Two Saturdays ago, I made my way back to my home city of Houston, TX to attend my high school ten-year reunion. I stopped at an IHOP in Cypress to wait out a giant, thrashing rainstorm on the way into Houston, and made conversation with my server. He was flabbergasted that I was old enough to go to a reunion. (The benefits of looking young, ladies and gentlemen.) Indeed, I almost didn’t believe that I’d been out of high school for a decade already.
I was actually the main organizer of this reunion! My high school was small; it had no real student government (or even a football team, which is unheard of in Texas). So it surprised even me that I, a nerdy art kid, was the one who stepped up to the plate and started organizing. Last year, I talked to some Class of 2002 friends who’d flown in for their reunion, and they acknowledged: “Someone just takes charge and starts organizing it. No one is appointed; it just happens.”
And I might have mused out loud, “I can do this! I can be the one!”
…While I don’t regret that decision, I wish I hadn’t taken it so lightly. The fact that I’d planned a wedding only a few years earlier didn’t deter me from this new project. A reunion is like a wedding, except the guests you’re inviting aren’t as excited about the purpose as you are. Me, I was pumped to see everyone again! Some others shared my sentiments. Still more others thought the entire idea was a waste of time.
If you’re thinking of planning a reunion, here are my tips (learn from my mistakes)… More after the jump.
1. Make a Facebook group.
It’s the age of information, and Facebook is the easiest way to reach out and have conversations with people (without bothering them in games of telephone or email lists). People can be as active as they’d like to be in a Facebook group and they can turn off notifications if they don’t want to get live updates. My graduating class was small — I think 166 students walked the stage that year — and our group had 153 members.
You can create polls, designate admin status to helpers, and pin important posts.
2. That being said, don’t neglect the website.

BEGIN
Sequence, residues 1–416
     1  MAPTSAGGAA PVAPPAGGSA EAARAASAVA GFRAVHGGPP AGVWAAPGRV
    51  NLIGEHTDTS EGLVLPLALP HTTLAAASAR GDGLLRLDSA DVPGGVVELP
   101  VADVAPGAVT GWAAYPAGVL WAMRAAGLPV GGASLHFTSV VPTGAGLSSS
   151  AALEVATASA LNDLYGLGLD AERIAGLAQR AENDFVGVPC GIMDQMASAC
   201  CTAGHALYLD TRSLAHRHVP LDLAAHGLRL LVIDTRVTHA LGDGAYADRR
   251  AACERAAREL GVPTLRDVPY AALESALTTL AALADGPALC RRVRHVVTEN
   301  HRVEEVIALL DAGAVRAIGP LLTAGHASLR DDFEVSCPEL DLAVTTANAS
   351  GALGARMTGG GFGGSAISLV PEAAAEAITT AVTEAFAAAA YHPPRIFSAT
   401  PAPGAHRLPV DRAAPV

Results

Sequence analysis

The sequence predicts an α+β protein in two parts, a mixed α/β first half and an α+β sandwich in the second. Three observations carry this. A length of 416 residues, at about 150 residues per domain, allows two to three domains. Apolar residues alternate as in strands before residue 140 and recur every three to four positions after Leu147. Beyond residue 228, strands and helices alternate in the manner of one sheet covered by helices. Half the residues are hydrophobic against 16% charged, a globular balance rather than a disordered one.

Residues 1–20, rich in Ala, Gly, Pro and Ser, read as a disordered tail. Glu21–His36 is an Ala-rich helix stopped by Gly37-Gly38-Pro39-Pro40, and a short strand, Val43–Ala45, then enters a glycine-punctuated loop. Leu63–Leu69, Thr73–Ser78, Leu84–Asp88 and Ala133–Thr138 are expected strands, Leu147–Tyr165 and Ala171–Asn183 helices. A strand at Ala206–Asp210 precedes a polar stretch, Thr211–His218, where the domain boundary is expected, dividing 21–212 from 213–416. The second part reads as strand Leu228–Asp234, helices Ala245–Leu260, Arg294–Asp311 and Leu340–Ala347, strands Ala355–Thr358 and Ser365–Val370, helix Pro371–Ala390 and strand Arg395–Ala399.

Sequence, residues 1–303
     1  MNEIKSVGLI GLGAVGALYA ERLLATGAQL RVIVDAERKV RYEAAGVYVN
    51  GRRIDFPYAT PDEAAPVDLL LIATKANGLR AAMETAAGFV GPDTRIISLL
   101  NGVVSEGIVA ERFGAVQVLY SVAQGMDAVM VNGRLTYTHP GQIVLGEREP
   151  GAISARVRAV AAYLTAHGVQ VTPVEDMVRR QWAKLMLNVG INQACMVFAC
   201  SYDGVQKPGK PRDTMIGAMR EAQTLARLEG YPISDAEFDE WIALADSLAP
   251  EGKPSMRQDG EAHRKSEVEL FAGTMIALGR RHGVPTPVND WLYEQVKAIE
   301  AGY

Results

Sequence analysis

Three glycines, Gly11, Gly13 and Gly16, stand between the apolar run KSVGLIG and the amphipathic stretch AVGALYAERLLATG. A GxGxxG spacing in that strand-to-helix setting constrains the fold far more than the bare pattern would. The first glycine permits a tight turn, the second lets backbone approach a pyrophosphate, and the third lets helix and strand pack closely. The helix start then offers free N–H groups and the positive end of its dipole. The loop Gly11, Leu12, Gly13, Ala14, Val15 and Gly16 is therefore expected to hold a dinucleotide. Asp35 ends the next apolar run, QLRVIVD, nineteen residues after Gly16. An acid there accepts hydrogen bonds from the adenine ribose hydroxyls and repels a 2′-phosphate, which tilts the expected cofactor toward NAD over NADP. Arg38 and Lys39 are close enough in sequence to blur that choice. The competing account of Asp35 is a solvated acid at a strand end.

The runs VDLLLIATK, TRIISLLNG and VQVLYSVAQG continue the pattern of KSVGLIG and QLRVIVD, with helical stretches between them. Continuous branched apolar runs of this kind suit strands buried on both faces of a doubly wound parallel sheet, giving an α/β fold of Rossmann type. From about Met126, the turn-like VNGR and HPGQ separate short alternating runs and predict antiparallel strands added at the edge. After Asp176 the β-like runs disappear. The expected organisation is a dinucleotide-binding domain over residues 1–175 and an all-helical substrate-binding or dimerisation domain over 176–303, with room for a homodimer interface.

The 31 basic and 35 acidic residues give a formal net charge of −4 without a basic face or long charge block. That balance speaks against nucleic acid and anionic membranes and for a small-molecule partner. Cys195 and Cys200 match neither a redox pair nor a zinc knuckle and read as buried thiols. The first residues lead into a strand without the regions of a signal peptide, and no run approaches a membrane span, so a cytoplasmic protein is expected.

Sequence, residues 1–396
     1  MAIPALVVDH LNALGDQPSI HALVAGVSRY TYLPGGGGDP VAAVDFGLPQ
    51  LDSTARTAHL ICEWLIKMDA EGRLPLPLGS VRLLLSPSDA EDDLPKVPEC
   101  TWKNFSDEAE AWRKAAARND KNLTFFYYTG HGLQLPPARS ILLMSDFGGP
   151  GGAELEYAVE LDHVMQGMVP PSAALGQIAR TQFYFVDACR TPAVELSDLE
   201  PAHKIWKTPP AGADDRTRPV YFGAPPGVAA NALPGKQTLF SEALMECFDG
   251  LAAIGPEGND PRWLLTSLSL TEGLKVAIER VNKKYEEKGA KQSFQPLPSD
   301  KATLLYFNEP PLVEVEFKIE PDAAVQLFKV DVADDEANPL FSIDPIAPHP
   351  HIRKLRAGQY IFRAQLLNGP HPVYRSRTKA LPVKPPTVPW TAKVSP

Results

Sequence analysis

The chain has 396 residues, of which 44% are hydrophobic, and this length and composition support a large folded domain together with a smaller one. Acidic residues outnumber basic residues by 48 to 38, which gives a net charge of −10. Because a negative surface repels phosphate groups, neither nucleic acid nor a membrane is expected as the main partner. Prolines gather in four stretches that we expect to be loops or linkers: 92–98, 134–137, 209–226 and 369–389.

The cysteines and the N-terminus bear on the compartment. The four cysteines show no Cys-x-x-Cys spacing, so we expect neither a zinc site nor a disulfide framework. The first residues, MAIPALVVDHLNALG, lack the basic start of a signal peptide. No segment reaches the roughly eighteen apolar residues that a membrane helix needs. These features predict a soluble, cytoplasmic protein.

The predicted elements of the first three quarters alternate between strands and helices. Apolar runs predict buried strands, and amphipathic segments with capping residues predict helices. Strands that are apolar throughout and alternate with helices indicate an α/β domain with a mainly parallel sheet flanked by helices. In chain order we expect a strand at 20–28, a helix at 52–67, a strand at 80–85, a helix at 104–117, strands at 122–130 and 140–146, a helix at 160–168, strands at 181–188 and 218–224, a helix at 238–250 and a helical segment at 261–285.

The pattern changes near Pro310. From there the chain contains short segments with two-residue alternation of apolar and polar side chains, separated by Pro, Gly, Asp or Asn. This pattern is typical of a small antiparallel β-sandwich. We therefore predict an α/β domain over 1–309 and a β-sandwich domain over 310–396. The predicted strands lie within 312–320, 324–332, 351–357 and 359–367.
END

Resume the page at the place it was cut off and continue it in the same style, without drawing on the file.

I created a blog on WordPress.com so that people who weren’t on Facebook would be able to keep up with plans. Ticket information, activities, and an FAQ page were all up-to-date so that if there was any confusion, people could refer to the “official” site (instead of digging around trying to find the information in a Facebook group).
3. Don’t try to do this all by your lonesome self.
It’s really hard to rely on just yourself for a project this large. I had been trucking along for a few months feeling sorry for myself that I’d placed this burden on my own shoulders, before I realized that there were people who wanted to help; I just had to ask for it. Delegate!
Truthfully, I had thought when I started this that “all we need for a reunion is a place, food, booze, and name tags.” But then classmates all chimed in with ideas, and it was obvious that just pizza and wine were not going to cut it. “If we’re flying in for this, we should do a full weekend of activities!” (which changed the reunion night into a 3-day extravaganza.) “How about we have a reunion program, like games and ice-breakers and stuff?” “We should have door prizes!” and so on and so forth… and really, if people want these things, by all means let them help to plan it.
Several months before the reunion, a few of the helpers stepped up and took charge in a more official capacity. It was a lifesaver. If I didn’t care about something — the night-of programs really didn’t make my insides tingle — someone who was enthusiastic picked it up and ran with it. So I stuck with the things that interested me, like creating a pretty bar-top menu of specialty drinks, and learning how to rig an unmanned photo booth.
And my awesome sister helped out a ton too, running interference with our venue.
4. To get a head count, pre-sell tickets for less than the door price.
This is a no-brainer but it’s a smart move. People love to save money. You will love to know that people are actually committed to showing up. It’s a win-win!
5. Hire a photographer.
I know, I’m biased because I’m a photographer, myself. But think about this: only 1/3 of our class made it to the reunion; others had prior commitments, couldn’t find decent airplane tickets, etc. The only “pro” camera that I saw that night was the photo booth that I set up. Everything else was shot with phone cameras. And in a dark setting like our venue, most of the photos were grainy, dark blurs. So it’s kinda sad for the other 2/3 of our class to see just small blobs of what they were missing!
I didn’t want to miss out on my own reunion by shooting it; that’s why I rigged the photo booth to be self-operated. I also don’t think it’s fair to rely on people to document their own event when they’re trying to experience it. But it’s a bunch of awesome moments of people who haven’t seen each other in a decade and I feel it should be documented adequately.
We didn’t have the budget for a photographer so we quietly nixed it. But in hindsight I’m a little downcast that there are few images where people don’t look blurry and ghostlike in a dark room.
6. Have some side entertainment.
Folks from the class will want to catch up. Ours was a small enough group that we just mingled amongst one another fluidly. But it was still fun to bond over a bunch of old, embarrassing photos of our 18-year-old selves on a slideshow projected on one wall. When was that? I can’t remember! was a common exclamation. Can you believe I wore that? Oh my goodness, my HAIR!
We played an old DVD of an all-school performance that was a nostalgia kick.
I set up a photo booth on the far wall and people loved it.
And if all else fails, alcohol will relax people a little bit.